The statement on Saturday came a day after the film Leaving Neverland premiered at the Sundance Film Festival.
The documentary follows two accusers, Brisbane-born dancer Wade Robson and James Safechuck, as they describe intense and graphic acts they say Jackson committed against them, as well those they say the pop icon coached them to commit on him.
Robson met Jackson through a dance competition at age five, and alleges the sexual abuse began when he was seven.
Safechuck was cast in a Pepsi commercial starring Jackson around age eight, and the alleged abuse began after months of close friendship.
Jackson consistently and wholly denied any wrongdoing when alive, saying he would never hurt a child.
As an adult, Robson was one of Jackson’s staunchest defenders, along with the likes of Macauley Culkin and Corey Feldman. Jackson died in June 2009.
The estate’s statement reads in full as follows:
“Leaving Neverland isn’t a documentary, it is the kind of tabloid character assassination Michael Jackson endured in life, and now in death.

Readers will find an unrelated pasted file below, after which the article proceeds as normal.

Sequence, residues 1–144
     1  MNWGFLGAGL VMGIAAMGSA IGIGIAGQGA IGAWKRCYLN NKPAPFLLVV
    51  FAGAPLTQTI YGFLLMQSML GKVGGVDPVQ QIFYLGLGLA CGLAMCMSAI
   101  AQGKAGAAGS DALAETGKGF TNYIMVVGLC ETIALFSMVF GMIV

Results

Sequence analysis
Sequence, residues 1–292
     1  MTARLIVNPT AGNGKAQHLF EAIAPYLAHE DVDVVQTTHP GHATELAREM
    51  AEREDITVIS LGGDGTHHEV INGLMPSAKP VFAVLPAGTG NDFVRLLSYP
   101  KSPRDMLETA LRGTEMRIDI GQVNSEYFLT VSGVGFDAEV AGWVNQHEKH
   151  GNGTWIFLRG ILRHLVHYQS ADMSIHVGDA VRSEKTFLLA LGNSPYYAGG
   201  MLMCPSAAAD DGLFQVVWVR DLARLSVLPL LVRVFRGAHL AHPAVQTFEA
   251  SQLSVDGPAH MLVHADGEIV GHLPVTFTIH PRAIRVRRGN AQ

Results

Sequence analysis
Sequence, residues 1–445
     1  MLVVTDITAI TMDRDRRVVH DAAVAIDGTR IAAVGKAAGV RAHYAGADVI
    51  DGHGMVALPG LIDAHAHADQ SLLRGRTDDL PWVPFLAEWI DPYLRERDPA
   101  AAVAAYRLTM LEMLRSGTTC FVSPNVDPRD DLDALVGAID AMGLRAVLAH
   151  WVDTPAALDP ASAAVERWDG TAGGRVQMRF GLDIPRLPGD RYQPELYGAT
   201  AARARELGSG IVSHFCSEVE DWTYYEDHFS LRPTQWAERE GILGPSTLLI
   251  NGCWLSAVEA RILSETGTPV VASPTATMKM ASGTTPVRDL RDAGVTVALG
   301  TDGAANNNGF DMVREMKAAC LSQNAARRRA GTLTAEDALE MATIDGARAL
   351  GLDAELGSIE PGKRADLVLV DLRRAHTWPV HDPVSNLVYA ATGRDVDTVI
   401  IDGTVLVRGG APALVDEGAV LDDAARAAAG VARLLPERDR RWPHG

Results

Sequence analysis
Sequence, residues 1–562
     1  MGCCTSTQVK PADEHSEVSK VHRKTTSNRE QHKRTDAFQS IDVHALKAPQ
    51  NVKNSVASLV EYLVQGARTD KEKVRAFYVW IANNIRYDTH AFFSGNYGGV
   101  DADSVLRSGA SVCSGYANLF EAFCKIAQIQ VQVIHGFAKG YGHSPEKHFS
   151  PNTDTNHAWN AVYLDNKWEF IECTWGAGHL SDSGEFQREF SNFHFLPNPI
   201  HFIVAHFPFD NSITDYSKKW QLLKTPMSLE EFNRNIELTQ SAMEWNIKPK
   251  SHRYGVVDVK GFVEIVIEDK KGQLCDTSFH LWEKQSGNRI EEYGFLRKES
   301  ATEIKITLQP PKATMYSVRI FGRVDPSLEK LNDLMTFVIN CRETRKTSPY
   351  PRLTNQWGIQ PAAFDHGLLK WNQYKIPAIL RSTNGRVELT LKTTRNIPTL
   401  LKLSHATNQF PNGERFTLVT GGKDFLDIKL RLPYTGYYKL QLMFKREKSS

The film takes uncorroborated allegations that supposedly happened 20 years ago and treats them as fact.
These claims were the basis of lawsuits filed by these two admitted liars which were ultimately dismissed by a judge.
The two accusers testified under oath that these events never occurred.
They have provided no independent evidence and absolutely no proof in support of their accusations, which means the entire film hinges solely on the word of two perjurers.
Tellingly, the director admitted at the Sundance Film Festival that he limited his interviews only to these accusers and their families.
In doing so, he intentionally avoided interviewing numerous people over the years who spent significant time with Michael Jackson and have unambiguously stated that he treated children with respect and did nothing hurtful to them.